As the digital transformation hit the globe, the conventional ways of doing business have become obsolete. The process of making contract documents, mailing them to the client, taking the printouts and delivering the signed hardcopy has become outmoded. It has been replaced by adopting an electronic signature or digital signature, a modern way of signing documents and agreements remotely. eSignature not only saves time and resources but also avoids delay or communication gap while closing a contract.
Electronic signatures were recognized in Norway since 2001. After the European Union (EU) established the legal framework by passing Electronic Identification and Authentication and Trust Services (eIDAS) regulation, Norway follows the European Union model. It is considered as two-tiered jurisdiction because it gives digital signatures (such as qualifies, certified or advanced signatures) the same status as handwritten signatures but also recognizes simple electronic signatures as legal and enforceable.
Norwegian government gives freedom to customers, clients or companies to select among different forms of electronic signatures for their businesses. Simple Electronic Signatures are considered valid for normal transactions and online businesses whereas, qualified electronic signatures are preferred for sensitive data sharing and expensive online transactions. Qualified electronic signatures are contemplated as more authentic and reliable.
Norway follows a tiered legal model for electronic signature laws. It supports the concept of Qualified Electronic Signature QES. A qualified electronic signature uses an asymmetric cryptosystem for authentication. Asymmetric cryptosystem based on two-way encryption and decryption. Norway is not a European Union member country, but it follows the European Telecommunications Standards Institute ETSI standards to define the technical requirements of Qualified Electronic Signature.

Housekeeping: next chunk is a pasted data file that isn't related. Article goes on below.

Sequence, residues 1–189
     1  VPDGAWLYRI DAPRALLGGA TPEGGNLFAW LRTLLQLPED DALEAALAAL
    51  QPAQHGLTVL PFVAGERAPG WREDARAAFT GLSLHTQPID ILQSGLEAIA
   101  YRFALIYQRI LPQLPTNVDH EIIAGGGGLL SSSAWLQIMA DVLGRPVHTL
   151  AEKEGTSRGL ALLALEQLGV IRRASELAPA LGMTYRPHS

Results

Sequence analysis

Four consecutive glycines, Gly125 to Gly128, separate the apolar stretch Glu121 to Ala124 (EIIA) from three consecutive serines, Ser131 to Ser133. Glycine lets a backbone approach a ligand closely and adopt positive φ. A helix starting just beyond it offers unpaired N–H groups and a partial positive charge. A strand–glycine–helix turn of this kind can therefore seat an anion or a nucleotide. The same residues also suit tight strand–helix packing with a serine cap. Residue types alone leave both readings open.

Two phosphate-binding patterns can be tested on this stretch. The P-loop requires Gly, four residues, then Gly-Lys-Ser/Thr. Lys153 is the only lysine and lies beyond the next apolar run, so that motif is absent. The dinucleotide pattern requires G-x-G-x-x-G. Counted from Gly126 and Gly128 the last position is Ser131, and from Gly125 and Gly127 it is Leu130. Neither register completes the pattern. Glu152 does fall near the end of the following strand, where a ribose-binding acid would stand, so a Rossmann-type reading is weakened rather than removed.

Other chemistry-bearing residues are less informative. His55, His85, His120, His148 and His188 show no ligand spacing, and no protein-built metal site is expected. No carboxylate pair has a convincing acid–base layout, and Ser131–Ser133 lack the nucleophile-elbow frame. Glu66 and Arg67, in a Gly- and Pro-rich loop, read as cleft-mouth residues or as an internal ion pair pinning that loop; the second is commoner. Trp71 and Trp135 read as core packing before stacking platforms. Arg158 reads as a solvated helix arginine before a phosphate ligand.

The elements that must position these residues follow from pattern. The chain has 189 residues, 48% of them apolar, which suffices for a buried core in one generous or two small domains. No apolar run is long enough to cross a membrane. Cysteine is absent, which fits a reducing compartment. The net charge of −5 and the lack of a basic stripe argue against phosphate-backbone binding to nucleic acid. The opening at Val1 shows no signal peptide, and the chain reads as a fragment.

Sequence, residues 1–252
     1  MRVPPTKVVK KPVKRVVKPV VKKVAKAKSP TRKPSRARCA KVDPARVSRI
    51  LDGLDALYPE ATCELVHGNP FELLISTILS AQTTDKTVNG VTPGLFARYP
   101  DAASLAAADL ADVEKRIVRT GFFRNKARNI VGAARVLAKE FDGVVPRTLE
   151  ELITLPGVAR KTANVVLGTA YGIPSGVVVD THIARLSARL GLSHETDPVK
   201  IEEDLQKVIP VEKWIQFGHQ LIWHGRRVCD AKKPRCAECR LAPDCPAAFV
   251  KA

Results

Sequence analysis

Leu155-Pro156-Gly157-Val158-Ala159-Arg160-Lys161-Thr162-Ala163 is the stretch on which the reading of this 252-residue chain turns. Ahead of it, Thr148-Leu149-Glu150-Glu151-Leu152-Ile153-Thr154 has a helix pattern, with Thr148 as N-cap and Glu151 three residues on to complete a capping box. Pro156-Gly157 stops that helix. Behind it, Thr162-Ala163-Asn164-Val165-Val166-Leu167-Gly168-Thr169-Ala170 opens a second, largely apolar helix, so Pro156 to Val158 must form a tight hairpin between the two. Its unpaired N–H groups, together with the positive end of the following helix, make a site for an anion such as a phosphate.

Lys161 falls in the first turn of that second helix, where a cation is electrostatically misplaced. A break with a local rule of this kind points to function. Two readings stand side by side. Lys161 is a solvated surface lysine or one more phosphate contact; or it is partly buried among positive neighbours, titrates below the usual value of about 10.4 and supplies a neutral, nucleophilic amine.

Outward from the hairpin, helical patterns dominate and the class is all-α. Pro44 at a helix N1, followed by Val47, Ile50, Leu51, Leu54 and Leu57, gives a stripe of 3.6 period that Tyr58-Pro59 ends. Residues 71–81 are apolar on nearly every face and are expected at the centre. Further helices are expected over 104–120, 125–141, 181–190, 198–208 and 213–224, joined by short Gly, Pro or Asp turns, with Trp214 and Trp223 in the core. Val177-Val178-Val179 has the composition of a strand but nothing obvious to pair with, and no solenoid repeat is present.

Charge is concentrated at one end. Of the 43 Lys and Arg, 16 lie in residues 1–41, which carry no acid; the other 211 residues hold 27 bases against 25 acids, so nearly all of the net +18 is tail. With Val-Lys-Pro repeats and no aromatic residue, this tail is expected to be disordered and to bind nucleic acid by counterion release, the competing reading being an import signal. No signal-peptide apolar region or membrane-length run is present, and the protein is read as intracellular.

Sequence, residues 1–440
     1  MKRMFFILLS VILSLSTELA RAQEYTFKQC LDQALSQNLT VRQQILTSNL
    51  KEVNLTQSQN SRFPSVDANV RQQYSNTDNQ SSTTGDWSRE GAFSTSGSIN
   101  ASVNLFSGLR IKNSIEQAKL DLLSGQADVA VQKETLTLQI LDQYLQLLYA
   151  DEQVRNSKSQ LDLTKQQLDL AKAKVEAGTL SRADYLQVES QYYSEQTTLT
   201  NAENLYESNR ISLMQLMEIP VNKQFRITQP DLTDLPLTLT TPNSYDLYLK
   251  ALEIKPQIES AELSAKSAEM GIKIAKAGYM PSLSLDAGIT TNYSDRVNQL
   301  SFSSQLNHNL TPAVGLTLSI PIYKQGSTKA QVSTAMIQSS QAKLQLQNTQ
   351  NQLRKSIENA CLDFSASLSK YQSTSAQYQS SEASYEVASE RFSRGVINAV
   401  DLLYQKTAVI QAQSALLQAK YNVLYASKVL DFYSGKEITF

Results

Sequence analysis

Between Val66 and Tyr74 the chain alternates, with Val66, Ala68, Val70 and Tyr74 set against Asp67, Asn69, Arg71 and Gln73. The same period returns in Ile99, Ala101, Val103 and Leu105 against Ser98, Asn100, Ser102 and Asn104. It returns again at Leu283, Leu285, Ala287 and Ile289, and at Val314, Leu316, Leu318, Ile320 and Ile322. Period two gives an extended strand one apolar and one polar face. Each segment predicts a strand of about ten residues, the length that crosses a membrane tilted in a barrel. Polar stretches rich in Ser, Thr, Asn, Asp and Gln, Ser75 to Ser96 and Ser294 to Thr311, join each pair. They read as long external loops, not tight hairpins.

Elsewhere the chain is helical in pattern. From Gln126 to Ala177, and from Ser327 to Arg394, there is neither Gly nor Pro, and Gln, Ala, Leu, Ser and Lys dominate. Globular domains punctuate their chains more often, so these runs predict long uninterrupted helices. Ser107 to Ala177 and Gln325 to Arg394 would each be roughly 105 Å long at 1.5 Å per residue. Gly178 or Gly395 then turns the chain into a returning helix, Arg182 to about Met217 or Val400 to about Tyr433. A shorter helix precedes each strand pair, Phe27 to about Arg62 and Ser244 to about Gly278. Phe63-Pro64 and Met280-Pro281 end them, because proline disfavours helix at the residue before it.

European Union and Norway are sharing a common regulatory framework for secure electronic transactions. This leads to one-stop authentication and validation of digital transactions in all European Union countries. Norway and other European Union countries approve each other’s electronic identification eID, electronic signatures, etc. The process ultimately removes the international digital barriers among European countries that had been previously an obstacle.
Use of Standard Electronic Signatures
In Norway, Standard Electronic Signature (SES) uses include:
- HR documents such as employment contracts, new employee onboarding processes.
- Agreements of consumers that include new retail account opening documents.
- New intellectual property licenses.
- Intangible property transfers.
- Court procedural communications such as writs of summons, pleadings, etc.
- Agreements between corporate and commercial entities including Non-Disclosure Agreements NDAs, procurement documents, sales agreements, etc.
- Lease agreements, deed of purchase, sales contracts and other Real Estate contracts.
Use cases that are not appropriate for electronic signatures or digital transaction management
Norwegian law does not allow the use of electronic signatures in some cases. The cases comprise of overt requirements such as handwritten signatures and formal notarial processes. Such cases are not congenial with electronic signatures or digital transaction rules and management. These include:
- Agreements of loans and agreements of security.
- Agreements of marriage, marriage settlements, and pre-marital agreements.
- Employee termination notices.
- Articles of Incorporation and other corporate documents. Unless these are electronically signed with the solution provided by the Registry of Business enterprises.
- Minutes of meetings from board meetings and shareholder meetings.